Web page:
An article from Norwegian SciTech News at SINTEF

Risky young drivers are highly emotional

When the emotional centre in a young person's brain overrides the part that's responsible for rational decisions – you‘ve got yourself a risky driver.

Denne artikkelen er over ti år gammel og kan inneholde utdatert informasjon.

Gemini, SINTEF

SINTEF is a broadly based, multidisciplinary research concern with international expertise in technology, medicine and the social sciences.

Last autumn, in a laboratory at the University of Turku in Finland, thirty-four young people allowed their brains to be scanned while playing a car race video game.

How did the activity in their brains differ while being met with a yellow traffic light in a junction?

Finding explanations

Dagfinn Moe at SINTEF (a Norwegian independent research organisation) has been studying young motorists for many years, trying to find explanations for young people's risk behaviour – a field that encompasses many scientific disciplines including psychology, neurobiology and sociocultural factors.

Meanwhile, in Finland, Sami Mynttinen at the Finnish Transport Safety Agency TraFi has been interested in studying the brains of young people in the light of recent knowledge.

High-risk takers drive through yellow lights more often than risk-aversive do. (Foto: Colourbox)

Just like his Norwegian colleague, he wanted to study how young motorists dealt with a particular driving issue, the approach they selected, and the nature of their brain activity.

Young people over-represented

Figures show that young people are over-represented in traffic accidents, and that young men in the age range 18 to 24 are at the highest risk.

When the researchers came to selecting their test subjects, it was therefore important to include young people who exhibited different levels of risk-taking behaviour.

After a series of psychological tests and behavioural investigations, they selected 17 risk-willing and 17 risk-averse young people.

Frontal lobe and limbic system
The test room where the youth’s brains were scanned while they were playing a car race video game.

The mechanism that controls the basis of our decision-making lies in the part of the brain called the frontal lobe. In this part, we gather information from our surroundings on which we base our decisions.

In the centre of our brains, we have the limbic system – the brain's emotional centre.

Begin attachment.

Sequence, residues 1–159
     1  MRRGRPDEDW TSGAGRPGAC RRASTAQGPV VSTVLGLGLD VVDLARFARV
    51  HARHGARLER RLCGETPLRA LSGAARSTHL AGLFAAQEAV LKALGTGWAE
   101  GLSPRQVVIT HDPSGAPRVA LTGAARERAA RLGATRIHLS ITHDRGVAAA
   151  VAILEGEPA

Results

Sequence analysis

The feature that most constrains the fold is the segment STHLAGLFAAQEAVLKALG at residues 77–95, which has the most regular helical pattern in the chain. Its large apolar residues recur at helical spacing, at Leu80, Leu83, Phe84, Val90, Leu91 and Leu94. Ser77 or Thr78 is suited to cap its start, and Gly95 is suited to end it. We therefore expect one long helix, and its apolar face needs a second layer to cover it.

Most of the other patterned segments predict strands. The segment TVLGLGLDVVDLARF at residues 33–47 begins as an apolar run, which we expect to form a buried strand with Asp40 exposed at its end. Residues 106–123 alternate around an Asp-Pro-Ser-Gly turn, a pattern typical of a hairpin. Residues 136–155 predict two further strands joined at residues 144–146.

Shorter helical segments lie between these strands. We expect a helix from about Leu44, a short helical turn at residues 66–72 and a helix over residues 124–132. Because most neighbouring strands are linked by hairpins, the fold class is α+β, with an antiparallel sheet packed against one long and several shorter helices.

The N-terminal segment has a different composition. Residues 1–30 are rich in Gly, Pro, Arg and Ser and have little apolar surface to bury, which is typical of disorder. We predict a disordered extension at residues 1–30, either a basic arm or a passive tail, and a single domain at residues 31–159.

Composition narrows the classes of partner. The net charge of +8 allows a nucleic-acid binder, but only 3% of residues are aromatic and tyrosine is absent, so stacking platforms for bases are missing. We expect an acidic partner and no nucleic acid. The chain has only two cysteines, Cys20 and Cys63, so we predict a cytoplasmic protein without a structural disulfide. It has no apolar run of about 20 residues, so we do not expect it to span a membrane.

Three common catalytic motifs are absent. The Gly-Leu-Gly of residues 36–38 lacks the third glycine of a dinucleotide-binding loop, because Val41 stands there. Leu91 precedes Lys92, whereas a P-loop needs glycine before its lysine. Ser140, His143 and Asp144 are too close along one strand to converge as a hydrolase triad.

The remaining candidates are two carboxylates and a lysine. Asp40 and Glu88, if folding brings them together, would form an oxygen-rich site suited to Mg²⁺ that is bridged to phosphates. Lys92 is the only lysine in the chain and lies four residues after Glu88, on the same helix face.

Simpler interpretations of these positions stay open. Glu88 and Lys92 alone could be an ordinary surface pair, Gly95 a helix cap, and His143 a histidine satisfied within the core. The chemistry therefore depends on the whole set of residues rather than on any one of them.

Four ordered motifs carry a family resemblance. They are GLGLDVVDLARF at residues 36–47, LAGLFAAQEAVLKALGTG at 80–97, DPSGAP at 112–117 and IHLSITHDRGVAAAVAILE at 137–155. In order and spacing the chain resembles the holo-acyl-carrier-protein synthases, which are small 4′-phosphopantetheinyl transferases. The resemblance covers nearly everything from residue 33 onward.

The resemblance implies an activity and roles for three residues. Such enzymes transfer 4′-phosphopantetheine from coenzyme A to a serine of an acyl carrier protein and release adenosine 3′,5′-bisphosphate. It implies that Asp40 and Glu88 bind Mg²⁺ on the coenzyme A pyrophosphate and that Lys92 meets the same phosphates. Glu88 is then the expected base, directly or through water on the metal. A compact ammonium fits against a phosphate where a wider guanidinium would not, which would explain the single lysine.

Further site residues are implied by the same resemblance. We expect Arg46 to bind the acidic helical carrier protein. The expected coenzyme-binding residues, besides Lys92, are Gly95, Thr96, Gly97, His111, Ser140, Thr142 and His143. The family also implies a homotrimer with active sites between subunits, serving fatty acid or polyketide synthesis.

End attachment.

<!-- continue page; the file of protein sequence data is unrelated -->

“Two-way communication is carried out between this and the frontal lobe", says Moe.

"All our lives we have to make decisions, and emotions of all kinds are always linked to this process. In many cases our emotions will take the upper hand, causing us to take risks and act rashly and foolishly", he says.

The video game

In the video game, the speeds were fixed so that the subjects only had the use of a start and stop button.

The drivers had to go through twenty junctions, and every time they got the yellow light. Hence, they had to make a choice on whether to do the safe thing: stop and wait for the green light, or to drive on – even if that meant they could collide with another car.

On average, it took It took about 5 minutes to drive along the section of road.

If he stopped to wait for the green light, it would delay him by three seconds. If caused a collision, he had to wait twice as long, for six seconds, before he could drive on.

A scanner recorded the activity in their brains throughout.

Dopamine secretion

High-risk takers drive through yellow lights more often than risk-aversive do.

Moe shows a series of images from brain scans of the young people. He points to a couple of images where two yellow squares stand out in the centre of the brain. These are images taken from men in the high-risk group.

"The high-risk group is dominated by motivation and emotions encouraging them to take a chance and drive on regardless,” Moe explains. 

"Reward experience and dopamine secretion are strong among these subjects, which means that high-risk takers choose to run a yellow light more often than risk-averse subjects", says Moe.

He believes the drivers in the high-risk group experience no dilemma, since they possess a drive to obtain a reward and expect that things will turn out alright if they run a yellow light.

The risk-averse drivers consider and balance their assessments to a much greater degree before they decide whether to stop or to drive on.

White matter

The researchers also studied the brain's white matter. This area is a neural network consisting of bundles of nerve fibers that promote rapid and stable communication between the different areas of the brain.

"We have long believed that the neural network in the brains of young people has not completed its development, and that this is the reason behind a lack of holistic thinking combined with a willingness to take risks", says Moe.

"However, we found that this network was actually better developed and more mature among high-risk takers than the risk averse", he says.

He concedes that this may seem paradoxical, but points out that risk-willingness is often linked to high levels of activity during which we challenge both our physical and mental capabilities.

"This in turn stimulates learning and coping behaviours and an increase in the numbers of neural connections in the brain.”

“However, it doesn't prevent the motivation to make risky decisions and act on them", says Moe.

Next step

The researchers now want to examine educational approaches towards influencing the behaviour of high-risk takers. They believe that such approaches will not alter these subjects’ inherent nature, but will help them acquire a better balance between reward drive and the consequences of their actions.

"It's all about developing an ability to self regulate by getting young people to understand what taking risks really means", says Moe.


Read the Norwegian version of this article at

External links

Related content
Powered by Labrador CMS